To enable welding of the member to other members or to an existing structure, is as necessary to leave a sufficient weld margin around the edges to ensure that elastomer and its bond to the steel plate are not damaged by the heat of welding. The width of the weld margin will depend on the heat resistance of the elastomer and the welding technique to be used but may be about 75 mm. If the elastomer is cast between the plates, the welding margin will need to be defined by elongate removable or cast in place spacers.
 The number of injection and venting ports required will depend on the available equipment for pumping the components of the elastomer to provide minimum splash (ideally splash free), the volume, orientation and shape to be filled, the optimum locations to evacuate air (ensurance of no voids) and the gel time of the elastomer. The injection and venting ports should be situated in appropriate places for the use to which the member is to be put. If the member is to be used as a hull plate in a double-hull ship, the injection ports are ideally suited so as to face the inter-hull gap rather than the sea or cargo space. The injection ports are ideally quick disconnect ports, possibly with one-way valves, that can be ground off after casting. Injection and venting ports may be simple holes drilled into the metal face plates. These may also be sealed with metal plugs that are flush or made flush with the metal face plate. Plugs inserted in injection or venting ports should be made of a material that has galvanic characteristics compatible with the metal layers.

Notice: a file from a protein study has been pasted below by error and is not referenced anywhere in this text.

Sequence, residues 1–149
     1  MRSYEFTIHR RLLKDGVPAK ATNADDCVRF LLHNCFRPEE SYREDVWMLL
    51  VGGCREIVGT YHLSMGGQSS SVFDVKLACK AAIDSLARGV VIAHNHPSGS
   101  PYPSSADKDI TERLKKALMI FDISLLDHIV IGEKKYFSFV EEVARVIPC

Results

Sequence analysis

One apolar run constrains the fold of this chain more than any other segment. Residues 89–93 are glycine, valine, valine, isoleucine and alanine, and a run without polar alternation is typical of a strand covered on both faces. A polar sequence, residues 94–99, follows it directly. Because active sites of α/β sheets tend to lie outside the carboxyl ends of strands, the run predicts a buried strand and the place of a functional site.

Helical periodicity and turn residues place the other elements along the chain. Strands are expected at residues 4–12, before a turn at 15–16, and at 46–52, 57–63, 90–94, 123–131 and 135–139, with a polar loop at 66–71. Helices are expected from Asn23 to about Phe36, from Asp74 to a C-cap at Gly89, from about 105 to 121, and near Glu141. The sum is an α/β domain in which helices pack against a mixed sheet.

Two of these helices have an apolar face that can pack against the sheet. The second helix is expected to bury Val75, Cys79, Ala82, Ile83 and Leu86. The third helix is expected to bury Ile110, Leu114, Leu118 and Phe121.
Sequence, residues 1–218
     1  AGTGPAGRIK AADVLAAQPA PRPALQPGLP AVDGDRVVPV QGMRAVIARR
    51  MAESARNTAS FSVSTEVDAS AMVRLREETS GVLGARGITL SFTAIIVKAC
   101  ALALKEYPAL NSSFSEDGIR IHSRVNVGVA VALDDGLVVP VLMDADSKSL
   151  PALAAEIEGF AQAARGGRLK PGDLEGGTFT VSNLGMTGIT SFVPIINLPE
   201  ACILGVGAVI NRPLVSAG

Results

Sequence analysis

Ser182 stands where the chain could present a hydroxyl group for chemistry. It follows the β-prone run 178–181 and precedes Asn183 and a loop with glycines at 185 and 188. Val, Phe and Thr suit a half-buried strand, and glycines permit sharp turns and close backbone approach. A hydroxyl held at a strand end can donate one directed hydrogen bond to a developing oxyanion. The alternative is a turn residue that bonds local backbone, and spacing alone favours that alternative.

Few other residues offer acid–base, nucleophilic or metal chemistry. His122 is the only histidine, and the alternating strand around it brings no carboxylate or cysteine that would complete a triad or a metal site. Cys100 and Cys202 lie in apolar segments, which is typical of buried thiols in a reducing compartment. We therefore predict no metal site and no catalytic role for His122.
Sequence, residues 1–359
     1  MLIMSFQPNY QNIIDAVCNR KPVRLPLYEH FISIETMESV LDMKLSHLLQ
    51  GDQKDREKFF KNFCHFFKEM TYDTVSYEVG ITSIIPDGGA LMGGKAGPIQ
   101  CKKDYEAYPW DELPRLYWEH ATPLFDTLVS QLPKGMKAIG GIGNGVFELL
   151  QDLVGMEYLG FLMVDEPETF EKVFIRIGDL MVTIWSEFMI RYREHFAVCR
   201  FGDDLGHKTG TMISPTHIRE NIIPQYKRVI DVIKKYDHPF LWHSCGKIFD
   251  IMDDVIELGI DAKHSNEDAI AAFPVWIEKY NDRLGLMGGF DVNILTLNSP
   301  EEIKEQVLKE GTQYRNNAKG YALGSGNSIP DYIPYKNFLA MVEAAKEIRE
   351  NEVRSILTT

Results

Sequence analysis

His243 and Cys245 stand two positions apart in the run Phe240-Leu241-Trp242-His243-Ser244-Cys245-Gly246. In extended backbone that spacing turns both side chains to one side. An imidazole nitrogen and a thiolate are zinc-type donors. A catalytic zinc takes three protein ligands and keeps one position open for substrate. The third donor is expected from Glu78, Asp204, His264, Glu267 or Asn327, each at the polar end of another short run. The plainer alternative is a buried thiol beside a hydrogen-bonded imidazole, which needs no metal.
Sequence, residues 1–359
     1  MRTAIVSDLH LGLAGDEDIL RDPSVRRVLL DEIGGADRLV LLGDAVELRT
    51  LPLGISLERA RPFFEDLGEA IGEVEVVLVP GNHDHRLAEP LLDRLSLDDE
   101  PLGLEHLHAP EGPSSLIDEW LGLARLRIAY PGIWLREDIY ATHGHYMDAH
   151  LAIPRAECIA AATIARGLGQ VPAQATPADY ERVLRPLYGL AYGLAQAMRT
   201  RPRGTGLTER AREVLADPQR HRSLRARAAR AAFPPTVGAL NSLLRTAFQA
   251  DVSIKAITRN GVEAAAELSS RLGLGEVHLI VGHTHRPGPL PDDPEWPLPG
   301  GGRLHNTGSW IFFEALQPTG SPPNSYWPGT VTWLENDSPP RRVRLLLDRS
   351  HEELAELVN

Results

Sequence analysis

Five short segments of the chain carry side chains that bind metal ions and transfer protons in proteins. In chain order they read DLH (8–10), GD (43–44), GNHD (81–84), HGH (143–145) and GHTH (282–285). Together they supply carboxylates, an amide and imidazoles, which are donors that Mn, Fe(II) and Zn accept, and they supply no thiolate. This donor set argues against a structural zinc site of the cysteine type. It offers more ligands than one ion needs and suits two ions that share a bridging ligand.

The injection process must be monitored to ensure even filling of the cavity without any back pressure which might cause swelling and uneven plate thickness. The injection can also be carried out using tubes that are withdrawn progressively as the cavity fills.
 After manufacture and during the life of the laminate, it may be necessary to verify that the elastomer has correctly adhered to the metal layers. This can be done using ultrasound or gamma-ray techniques.
 To repair damaged members, or if the elastomer has not properly adhered, the damaged region of the metal plate is sawn (cold cut) or flame cut and the elastomer is cut or gouged out, e.g. using a router or pressurised water (hydro blasting) until good elastomer is exposed and a weld margin is created. The exposed surface of the remaining elastomer must be sufficiently clean for new elastomer, cast in situ, to adhere.
 The present invention has been described above in relation to both maritime and civil engineering applications and is especially applicable to those where significant in-plane and transverse loads are expected, where impact loads need to be resisted, where increased fatigue resistance or where resistance to crack propagation is desirable.